“It’s almost like when your credit card gets declined for silly reasons,” says Ms. Benton, who works as an event planner. “It makes you feel like you can’t afford it even though I had the money right there.”
Ms. Benton has no plans to go back: “It feels very elitist,” she says.
A Sweetgreen spokeswoman said its decision makes its team members safer amid the risk of robbery and improves the cleanliness and efficiency of the restaurants.
Brooke Linbourne, 51, ended up strolling with a credit-card-bearing stranger in search of a place to break a $20, after an “awkward” encounter at a Dig Inn in Manhattan. She said she slowly became aware while waiting in line to pay that all the other customers were using cards. At the register, the woman behind her in line helped her out.
“We went into one of those stores where they sell Lotto tickets and I got change and I gave her the money,” says Ms. Linbourne, who lives in Hasbrouck Heights, N.J., and works for a construction-management company. “I was so embarrassed.”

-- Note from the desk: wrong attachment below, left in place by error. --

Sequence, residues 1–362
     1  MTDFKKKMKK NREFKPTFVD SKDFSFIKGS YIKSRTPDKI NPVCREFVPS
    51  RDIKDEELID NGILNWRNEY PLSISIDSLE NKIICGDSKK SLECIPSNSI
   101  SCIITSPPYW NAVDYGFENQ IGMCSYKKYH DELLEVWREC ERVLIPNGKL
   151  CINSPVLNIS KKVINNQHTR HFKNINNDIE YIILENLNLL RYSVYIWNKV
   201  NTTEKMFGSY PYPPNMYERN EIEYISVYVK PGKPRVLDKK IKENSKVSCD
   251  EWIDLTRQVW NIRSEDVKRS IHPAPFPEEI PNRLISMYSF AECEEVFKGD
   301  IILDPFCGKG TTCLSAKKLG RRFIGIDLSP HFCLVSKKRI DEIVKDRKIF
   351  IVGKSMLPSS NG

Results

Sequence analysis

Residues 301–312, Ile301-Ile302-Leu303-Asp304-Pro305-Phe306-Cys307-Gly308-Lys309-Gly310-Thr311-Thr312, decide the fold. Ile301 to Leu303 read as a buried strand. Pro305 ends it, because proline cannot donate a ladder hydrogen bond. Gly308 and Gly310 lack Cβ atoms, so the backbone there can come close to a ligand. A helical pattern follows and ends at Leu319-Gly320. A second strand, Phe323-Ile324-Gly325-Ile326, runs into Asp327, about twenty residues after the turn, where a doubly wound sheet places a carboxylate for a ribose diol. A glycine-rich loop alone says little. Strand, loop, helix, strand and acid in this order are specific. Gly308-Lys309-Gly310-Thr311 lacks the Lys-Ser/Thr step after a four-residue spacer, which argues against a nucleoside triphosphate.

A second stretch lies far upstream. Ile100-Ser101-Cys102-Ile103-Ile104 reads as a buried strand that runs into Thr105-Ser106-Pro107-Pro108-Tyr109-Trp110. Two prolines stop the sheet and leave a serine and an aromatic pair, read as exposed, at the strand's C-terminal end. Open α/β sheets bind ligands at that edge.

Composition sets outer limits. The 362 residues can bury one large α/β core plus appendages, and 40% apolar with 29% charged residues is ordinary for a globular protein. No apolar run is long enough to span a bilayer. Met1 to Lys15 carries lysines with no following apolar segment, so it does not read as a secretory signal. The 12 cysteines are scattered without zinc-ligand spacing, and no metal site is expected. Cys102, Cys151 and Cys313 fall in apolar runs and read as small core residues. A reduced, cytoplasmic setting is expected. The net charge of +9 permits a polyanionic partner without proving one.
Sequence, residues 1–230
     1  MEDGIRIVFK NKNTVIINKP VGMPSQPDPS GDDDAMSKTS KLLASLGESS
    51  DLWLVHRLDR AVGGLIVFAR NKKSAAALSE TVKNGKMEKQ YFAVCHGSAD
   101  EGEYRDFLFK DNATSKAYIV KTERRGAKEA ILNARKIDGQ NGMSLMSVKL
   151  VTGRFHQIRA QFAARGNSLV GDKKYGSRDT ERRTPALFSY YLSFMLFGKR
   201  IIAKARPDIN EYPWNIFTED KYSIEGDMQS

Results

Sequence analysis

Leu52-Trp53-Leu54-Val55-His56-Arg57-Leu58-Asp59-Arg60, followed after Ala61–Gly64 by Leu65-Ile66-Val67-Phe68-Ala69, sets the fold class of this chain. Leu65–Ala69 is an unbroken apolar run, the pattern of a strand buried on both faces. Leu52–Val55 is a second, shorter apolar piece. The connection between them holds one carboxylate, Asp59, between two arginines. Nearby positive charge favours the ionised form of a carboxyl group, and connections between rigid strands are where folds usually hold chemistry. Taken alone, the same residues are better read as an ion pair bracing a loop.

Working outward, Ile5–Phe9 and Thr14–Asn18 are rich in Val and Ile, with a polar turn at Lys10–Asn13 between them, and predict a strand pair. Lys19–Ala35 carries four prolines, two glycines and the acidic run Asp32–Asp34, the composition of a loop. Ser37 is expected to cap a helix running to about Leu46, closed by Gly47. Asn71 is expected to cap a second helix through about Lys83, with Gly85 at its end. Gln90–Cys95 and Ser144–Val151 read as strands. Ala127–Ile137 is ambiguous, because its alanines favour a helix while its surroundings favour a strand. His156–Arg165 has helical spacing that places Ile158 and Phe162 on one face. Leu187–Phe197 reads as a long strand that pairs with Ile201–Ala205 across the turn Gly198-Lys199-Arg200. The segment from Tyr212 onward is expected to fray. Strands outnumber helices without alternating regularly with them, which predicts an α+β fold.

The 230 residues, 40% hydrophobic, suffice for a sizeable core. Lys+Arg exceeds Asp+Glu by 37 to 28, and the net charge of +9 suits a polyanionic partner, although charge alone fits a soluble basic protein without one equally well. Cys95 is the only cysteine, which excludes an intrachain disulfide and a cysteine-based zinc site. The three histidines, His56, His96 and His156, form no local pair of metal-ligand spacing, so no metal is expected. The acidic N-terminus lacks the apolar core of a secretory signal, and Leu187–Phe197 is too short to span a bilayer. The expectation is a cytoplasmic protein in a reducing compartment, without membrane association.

A Dig Inn spokeswoman referred to a company blog post about why it has cashless locations. It says it instituted the policy in locations where cash made up 8% or less of its transactions, and says it makes for a faster experience for customers and for employees, who don’t have to count cash or make runs to the bank.
Although U.S. bills feature the words, “This note is legal tender for all debts, public and private,” there’s no federal law that says businesses have to accept cash, according to the Federal Reserve’s website.
Massachusetts is the only state that currently requires retailers to accept cash. Some New Jersey legislators are working to make their state next. New York City Councilman Ritchie Torres of the Bronx recently proposed legislation that would prohibit retailers and restaurants from refusing cash, and city council members in Washington, D.C., and Philadelphia have proposed similar legislation.